Multilayer Neutron Mirrors and their Applications

21

where k is the neutron wave vector in the medium. The effective potential of
medium V is expressed in terms of a coherent scattering length bN

This potential is called Fermi potential. The neutron total energy inside and outside
the medium is the same so that we obtain

where a is the incident neutron wavelength, bN the nuclear coherent scattering


length and p the number of atoms per unit volume. The refractive index n takes
an imaginary value if 1 4 .20<N/rkb
Since O <1, cos O can be expanded and we obtain

Let us take E0 as energy of the incident neutron. The critical angle is given as
B, = (V/Eo) 1 / 2 . The normal component of the wavelength, satisfying the condition
that the incident angle is equal to the critical angle of the total reflection, is called
the critical

wavelength, c , i.e., 2r/ = k 0 sin g, = V"4 N.rb


We thus obtain the coherent scattering length by measuring the critical angle
for a definite wavelength.
If the mirror is made of polished magnetized ferromagnetic material, the
magnetic optical potential, 1 i m is introduced into the formula for the refractive
index f 261
where is the magnetic moment of the neutron, B the saturated magnetic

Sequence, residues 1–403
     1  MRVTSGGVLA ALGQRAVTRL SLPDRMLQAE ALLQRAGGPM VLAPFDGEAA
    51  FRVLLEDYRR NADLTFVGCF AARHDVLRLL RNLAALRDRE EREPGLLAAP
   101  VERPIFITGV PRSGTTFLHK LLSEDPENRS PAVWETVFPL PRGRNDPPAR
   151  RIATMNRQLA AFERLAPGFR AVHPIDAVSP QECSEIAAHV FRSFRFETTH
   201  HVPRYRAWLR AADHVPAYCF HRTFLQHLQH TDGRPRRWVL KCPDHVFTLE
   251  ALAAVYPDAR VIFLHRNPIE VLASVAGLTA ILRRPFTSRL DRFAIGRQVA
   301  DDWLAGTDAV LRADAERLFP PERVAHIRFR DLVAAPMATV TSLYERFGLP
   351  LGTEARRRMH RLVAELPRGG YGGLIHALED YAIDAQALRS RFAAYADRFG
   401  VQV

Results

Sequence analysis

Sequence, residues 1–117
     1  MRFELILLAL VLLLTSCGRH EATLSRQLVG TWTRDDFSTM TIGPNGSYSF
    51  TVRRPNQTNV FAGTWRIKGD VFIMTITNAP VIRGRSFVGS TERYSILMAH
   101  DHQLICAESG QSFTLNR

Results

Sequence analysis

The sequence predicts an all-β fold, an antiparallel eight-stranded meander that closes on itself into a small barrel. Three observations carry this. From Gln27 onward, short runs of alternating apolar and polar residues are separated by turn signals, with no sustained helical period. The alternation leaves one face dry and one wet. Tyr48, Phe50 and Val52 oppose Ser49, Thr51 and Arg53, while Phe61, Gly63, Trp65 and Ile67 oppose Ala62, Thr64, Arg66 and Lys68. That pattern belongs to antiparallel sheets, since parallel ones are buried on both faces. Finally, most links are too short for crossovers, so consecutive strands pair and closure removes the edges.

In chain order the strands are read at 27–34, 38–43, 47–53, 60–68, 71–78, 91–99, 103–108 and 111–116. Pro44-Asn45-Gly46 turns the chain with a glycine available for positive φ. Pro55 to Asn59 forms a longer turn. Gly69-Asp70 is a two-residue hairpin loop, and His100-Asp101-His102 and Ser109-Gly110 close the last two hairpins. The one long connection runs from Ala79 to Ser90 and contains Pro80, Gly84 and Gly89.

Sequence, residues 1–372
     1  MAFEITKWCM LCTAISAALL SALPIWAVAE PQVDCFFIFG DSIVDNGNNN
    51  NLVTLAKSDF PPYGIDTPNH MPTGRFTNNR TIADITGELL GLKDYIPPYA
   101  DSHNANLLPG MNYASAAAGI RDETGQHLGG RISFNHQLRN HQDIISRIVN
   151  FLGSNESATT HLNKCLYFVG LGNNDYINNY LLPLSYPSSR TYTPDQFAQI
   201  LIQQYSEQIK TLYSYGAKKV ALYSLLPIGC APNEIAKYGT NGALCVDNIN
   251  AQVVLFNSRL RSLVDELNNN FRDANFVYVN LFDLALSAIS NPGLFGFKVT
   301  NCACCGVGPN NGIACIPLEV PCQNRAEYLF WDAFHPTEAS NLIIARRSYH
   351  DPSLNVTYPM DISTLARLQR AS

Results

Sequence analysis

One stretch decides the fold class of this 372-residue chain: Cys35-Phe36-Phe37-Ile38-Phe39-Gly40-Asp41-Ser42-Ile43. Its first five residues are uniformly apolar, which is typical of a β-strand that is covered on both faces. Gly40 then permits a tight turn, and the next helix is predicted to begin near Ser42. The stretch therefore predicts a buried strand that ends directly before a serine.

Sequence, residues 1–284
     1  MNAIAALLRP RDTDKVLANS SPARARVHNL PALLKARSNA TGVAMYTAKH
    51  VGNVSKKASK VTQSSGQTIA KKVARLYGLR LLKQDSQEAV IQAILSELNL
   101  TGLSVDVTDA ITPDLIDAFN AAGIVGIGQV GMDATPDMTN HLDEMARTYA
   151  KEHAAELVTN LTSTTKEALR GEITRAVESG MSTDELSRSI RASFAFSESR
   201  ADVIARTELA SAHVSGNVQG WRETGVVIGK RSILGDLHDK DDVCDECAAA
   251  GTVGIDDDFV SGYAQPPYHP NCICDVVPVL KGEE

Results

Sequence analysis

induction. The plus and minus signs refer to neutron spin parallel and antiparallel
to the direction of magnetization of the magnetic mirror. The magnetic scattering
of neutrons occurs because of the interaction between the magnetic moment of
the neutron and that of the atom, while nuclear scattering occurs on the nuclei of
material.
The critical angle is now given by the formula

Now we take VN as a nuclear scattering potential. If


n_ > 1 and n + < 1 are obtained. In this case, the neutrons with spins parallel to
the direction of the magnetization of the mirror are reflected, while neutrons with
the antiparallel spin direction are transmitted.
Let the x axis be the direction normal to the surface of the multilayer and the